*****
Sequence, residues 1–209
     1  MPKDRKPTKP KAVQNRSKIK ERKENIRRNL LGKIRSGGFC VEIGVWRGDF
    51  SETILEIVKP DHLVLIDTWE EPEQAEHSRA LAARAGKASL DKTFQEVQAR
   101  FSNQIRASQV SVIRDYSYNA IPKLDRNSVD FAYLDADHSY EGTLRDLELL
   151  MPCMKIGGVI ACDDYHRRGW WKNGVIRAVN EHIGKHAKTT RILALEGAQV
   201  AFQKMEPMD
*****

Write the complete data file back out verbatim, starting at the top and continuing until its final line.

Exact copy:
Sequence, residues 1–209
     1  MPKDRKPTKP KAVQNRSKIK ERKENIRRNL LGKIRSGGFC VEIGVWRGDF
    51  SETILEIVKP DHLVLIDTWE EPEQAEHSRA LAARAGKASL DKTFQEVQAR
   101  FSNQIRASQV SVIRDYSYNA IPKLDRNSVD FAYLDADHSY EGTLRDLELL
   151  MPCMKIGGVI ACDDYHRRGW WKNGVIRAVN EHIGKHAKTT RILALEGAQV
   201  AFQKMEPMD